“We know that New York is a loud city but that doesn’t mean we have to suffer ear-piercing siren noise that disrupts daily life and neighborhood enjoyment while still allowing these vehicles to get through and get to people in time,” Rivera said last week. Republican council member Joann Ariola said muffling sirens would “defeat their purpose.”
Silencing first responder vehicles but doing nothing about jerks with speakers on their cars, blasting music and setting off fireworks. https://t.co/JpB6QQa7gq— Queens Crapper (@QueensCrapper) June 25, 2023
“We need to be taking measures to save lives here, and the louder sirens can give emergency personnel a few extra, potentially vital seconds to get to a victim and successfully rescue them,” she said. In an Op-Ed for the Gotham Gazette, Julia Vitullo-Martin noted that sirens are not always necessary for the type of calls first responders get. She said that since last year, New York City EMTs have had a 73 percent response in calls in which the person supposedly needing help did not want to go to a hospital. “Excessive sirens are a direct consequence of excessive traffic. If the traffic is curbed, as so many New Yorkers urge, then the sirens can be modified as well. This is the moment,” she wrote, throwing support behind the concept of limiting any kind of traffic on multiple city streets. “Not only would quiet streets be productive for neighborhoods, they would offer a route to rethinking deployment of emergency vehicles, which would be able to move more freely — albeit carefully — while employing far less aggressive sirens. Without traffic registering 80 decibels and above, sirens would have no justification for their now excessive levels of 120 decibels,” she wrote. Dr. Douglas Kupas, EMS medical director for Geisinger EMS in central Pennsylvania, said that “Most of the things that are time-dependent are a very tiny minority of the EMS calls,” according to a 2021 report in The New York Times. Yet when he researched responses, he found an increase in the use of sirens. Dr. Jeff Clawson, founder of the International Academies of Emergency Dispatch in Salt Lake City, said siren noise was said was a “public health dilemma.” “It feels good and it feels like it works,” he said. “When it’s embedded in an institution — and a fire department is as good-ol’-boy an institution as you can get — it can be difficult to change.” This article appeared originally on The Western Journal.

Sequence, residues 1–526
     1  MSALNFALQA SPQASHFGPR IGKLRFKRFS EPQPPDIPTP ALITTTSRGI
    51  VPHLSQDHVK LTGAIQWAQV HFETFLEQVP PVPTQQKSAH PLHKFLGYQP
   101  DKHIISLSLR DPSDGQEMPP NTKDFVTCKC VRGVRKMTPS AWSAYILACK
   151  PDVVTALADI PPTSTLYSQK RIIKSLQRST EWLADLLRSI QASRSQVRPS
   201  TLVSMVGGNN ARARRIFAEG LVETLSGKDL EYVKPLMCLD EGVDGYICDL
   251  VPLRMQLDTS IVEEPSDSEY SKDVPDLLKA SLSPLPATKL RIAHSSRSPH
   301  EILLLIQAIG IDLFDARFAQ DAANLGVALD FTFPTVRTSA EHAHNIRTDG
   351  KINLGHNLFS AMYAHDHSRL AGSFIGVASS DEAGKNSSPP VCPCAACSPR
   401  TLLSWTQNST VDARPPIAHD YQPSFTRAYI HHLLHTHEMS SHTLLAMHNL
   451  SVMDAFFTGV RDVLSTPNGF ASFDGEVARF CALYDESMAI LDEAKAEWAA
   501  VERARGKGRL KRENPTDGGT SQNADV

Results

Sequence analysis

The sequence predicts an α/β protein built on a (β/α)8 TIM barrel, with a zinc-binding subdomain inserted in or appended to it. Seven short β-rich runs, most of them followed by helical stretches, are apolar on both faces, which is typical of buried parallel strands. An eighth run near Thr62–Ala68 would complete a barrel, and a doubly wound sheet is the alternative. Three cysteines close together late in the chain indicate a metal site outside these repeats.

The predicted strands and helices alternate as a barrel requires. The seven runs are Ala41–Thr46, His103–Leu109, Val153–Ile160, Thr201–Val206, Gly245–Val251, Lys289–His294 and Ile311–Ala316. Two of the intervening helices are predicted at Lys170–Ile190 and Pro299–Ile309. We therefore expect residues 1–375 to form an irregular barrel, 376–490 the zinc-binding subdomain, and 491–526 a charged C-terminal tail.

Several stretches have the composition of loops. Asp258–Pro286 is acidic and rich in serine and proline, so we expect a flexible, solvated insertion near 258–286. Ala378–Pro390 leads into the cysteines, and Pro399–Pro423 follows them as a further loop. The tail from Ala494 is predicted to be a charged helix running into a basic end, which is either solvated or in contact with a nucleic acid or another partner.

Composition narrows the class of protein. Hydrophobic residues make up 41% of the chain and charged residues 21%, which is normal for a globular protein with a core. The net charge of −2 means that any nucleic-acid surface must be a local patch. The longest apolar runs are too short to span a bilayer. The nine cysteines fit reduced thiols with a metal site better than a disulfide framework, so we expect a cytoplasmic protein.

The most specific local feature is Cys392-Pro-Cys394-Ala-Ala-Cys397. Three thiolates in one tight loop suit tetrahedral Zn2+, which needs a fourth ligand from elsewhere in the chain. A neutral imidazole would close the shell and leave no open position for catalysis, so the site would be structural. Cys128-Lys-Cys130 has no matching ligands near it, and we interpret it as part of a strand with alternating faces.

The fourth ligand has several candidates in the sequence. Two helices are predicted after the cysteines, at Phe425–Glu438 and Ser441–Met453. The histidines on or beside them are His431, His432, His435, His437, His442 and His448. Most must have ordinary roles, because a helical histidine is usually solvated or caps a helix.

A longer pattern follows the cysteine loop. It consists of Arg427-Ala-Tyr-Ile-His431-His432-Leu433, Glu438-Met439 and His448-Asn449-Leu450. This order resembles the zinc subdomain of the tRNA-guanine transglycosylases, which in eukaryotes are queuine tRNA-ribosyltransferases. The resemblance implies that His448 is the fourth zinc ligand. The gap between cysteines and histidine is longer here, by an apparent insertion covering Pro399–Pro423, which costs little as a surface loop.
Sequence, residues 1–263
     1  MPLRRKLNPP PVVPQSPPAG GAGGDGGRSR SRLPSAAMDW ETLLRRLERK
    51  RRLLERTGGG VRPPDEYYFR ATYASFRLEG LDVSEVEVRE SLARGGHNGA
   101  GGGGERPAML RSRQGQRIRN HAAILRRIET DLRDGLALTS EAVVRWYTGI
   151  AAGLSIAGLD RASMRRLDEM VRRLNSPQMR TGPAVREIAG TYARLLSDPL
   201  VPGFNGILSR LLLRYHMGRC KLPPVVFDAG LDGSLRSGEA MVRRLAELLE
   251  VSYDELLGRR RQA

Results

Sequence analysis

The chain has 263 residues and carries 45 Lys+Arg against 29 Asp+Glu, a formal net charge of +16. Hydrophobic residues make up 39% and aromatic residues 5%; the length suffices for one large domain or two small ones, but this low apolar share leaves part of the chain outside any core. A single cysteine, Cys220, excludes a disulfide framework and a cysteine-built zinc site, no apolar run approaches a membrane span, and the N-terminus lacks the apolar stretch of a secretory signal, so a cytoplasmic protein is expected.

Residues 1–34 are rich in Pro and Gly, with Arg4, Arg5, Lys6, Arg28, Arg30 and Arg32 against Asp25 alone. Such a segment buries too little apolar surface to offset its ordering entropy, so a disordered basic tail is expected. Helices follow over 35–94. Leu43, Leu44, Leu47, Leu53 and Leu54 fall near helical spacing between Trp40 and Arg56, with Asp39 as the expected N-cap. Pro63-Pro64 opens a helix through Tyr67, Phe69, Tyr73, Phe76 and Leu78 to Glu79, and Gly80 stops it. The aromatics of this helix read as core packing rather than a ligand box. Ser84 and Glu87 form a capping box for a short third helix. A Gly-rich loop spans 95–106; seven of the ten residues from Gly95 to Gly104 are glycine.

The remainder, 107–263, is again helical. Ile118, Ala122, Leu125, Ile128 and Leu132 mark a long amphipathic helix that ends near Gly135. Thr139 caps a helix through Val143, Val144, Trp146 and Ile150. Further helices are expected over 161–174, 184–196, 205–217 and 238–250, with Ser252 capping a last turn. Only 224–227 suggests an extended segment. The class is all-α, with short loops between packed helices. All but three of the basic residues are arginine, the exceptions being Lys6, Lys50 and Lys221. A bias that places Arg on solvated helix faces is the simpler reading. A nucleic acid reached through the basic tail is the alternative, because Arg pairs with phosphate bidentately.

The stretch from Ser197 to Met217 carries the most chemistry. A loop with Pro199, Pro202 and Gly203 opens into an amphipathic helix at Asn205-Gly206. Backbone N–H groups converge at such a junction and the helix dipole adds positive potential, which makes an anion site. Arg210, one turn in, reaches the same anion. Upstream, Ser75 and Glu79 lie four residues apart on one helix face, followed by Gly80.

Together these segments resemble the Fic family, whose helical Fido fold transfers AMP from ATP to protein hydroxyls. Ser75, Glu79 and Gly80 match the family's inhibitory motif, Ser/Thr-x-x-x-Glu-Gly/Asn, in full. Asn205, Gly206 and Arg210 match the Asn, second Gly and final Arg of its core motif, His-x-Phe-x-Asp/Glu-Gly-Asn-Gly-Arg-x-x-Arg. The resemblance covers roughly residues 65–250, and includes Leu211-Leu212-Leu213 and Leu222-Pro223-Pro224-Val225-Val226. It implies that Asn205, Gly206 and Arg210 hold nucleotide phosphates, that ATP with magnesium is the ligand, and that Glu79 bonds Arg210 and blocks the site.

https://t.co/UcvUitGLtg👨🚒👎 this is absurd, vehicles don’t give way to emergency vehicles as it is , let’s have leaf blowers .— EB Lives (@EBBronx) June 24, 2023